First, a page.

VMware vCenter Heartbeat End of Availability starting June 2

VMware vCenter Heartbeat is not available anymore for purchase starting June 2. All support and maintenance for the removed versions will be unaffected and will continue on per VMware Life Cycle policy through the published support period until September 19, 2018.

VMware vCenter Server Heartbeat is a software product (OEM of Neverfail) that protects vCenter Server against outages–from application, operating system, hardware and network failures to external events–regardless of whether vCenter Server is deployed on a physical or virtual machine.

vCenter Server Heartbeat creates a clone of both the vCenter Server and the SQL server database used by vCenter, and then keeps both the primary and secondary vCenter Servers in sync through continuous asynchronous replication. Administrators can use vCenter Server Heartbeat in a virtual configuration, physical configuration or a hybrid model.

The reason for the end of life is that VMware believes current available protections like VMware HA, vMotion and Storage vMotion ensure availability of managed resources.

I *guess* a couple of reasons to stop selling vCenter Heartbeat could be:

1. most customers are using vCenter running in a virtual machine. They are happy with HA
2. sales of vCenter Heartbeat are reducing because of point 1
3. vCenter Heartbeat is a complex product
4. vCenter Heartbeat was a pretty expensive solution not many customer were interested in.
5. It might give VMware too many support headaches because of upgrade issues vSphere 5.0 -> 5.5 combined with SSO.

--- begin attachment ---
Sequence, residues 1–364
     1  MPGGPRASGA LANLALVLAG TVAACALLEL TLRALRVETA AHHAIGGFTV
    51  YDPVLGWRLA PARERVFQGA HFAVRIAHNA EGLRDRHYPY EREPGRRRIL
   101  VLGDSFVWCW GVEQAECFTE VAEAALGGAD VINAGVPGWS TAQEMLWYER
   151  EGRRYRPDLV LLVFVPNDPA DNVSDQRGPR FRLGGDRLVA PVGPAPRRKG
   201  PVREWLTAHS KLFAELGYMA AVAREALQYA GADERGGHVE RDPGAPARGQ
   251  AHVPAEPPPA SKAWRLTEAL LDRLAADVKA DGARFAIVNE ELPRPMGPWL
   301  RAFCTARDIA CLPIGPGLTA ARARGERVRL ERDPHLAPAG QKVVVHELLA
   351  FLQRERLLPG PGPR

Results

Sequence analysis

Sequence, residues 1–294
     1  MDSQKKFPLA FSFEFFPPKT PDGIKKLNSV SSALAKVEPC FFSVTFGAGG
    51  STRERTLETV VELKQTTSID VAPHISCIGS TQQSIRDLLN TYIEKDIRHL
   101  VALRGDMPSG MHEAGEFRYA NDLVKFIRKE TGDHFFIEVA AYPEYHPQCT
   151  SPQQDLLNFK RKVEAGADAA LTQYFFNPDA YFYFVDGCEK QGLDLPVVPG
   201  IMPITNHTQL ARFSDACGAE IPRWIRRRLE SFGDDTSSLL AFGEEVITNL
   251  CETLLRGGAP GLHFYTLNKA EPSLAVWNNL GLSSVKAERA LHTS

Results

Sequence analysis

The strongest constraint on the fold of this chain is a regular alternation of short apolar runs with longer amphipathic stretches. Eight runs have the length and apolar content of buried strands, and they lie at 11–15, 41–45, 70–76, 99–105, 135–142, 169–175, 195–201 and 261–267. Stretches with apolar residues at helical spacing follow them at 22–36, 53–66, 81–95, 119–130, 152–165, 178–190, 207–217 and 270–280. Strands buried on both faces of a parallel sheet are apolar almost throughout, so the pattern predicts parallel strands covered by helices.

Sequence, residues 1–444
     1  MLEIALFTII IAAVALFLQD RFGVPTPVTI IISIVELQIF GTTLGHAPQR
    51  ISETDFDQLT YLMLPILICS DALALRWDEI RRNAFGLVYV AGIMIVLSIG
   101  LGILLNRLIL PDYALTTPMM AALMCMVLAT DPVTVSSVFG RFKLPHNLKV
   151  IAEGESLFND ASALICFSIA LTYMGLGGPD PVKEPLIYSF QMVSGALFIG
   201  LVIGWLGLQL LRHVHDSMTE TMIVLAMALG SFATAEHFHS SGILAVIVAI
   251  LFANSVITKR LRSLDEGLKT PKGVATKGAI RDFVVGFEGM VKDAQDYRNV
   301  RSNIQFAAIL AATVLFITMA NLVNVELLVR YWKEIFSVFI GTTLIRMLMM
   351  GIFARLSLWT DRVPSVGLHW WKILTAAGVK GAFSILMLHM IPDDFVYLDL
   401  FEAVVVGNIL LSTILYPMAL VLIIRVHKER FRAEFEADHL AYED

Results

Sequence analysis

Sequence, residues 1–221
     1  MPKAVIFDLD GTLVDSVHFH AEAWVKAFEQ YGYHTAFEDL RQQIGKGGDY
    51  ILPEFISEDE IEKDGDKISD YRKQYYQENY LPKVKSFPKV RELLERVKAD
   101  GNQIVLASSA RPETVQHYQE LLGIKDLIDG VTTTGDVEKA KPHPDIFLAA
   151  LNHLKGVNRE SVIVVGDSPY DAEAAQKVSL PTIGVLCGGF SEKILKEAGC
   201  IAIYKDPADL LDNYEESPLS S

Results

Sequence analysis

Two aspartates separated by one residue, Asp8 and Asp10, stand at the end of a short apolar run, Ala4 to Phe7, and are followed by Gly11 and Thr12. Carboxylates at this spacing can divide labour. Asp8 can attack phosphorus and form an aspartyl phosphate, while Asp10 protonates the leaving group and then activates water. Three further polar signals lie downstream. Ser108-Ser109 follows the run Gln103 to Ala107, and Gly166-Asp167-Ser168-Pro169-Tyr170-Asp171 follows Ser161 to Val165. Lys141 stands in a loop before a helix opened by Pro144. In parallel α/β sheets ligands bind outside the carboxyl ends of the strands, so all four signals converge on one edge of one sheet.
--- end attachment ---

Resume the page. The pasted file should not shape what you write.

6. As of vCenter Server 5.5 in vSphere 5.5, VMware introduced support for using Microsoft SQL Cluster Service for use as a back end database. See this KB for instructions.
7. VMware is working on a new way to protect vCenter Server

More information in the VMware blog here. Answers to frequently asked questions are here.

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Online firmware updates for HP ProLiant servers running VMware ESXi 5.0 and later

HP has silently introduced a new tool which is very handy to reduce downtime and manual labor when updating firmware on HP ProLiant  servers.

Until the release of VMware SmartComponents an administrator needed to shutdown a VMware host to update the firmware of the server. The method used the HP Service Pack for ProLiant (SPP) ISO to update firmware. After the firmware was installed, ESXi could be booted again.

Not anymore using SmartComponents. A SmartComponent is a self-contained HP proprietary package that installs/updates firmware on HP servers and infrastructure. SmartComponents contain everything needed to install the firmware as well as the firmware itself.

These SmartComponents are only supported on an ESXi host running ESXi 5.0 or later.

SmartComponents can be used in two ways to update firmware without bringing down the HP server:

  1. using the vCenter Server with HP Insight Control for vCenter
  2. using the Tech Support Mode on the ESXi host

Prerequisites
To use these SmartComponents, either the indicated version of HP ESXi 5.0 custom image must be installed on the ESXi host, or the versions of HP Insight WBEM Providers and HP Agentless Management need to be installed on the ESXi host running ESXi 5.0 or newer.

Version 7.1.1 of Insight Control for vCenter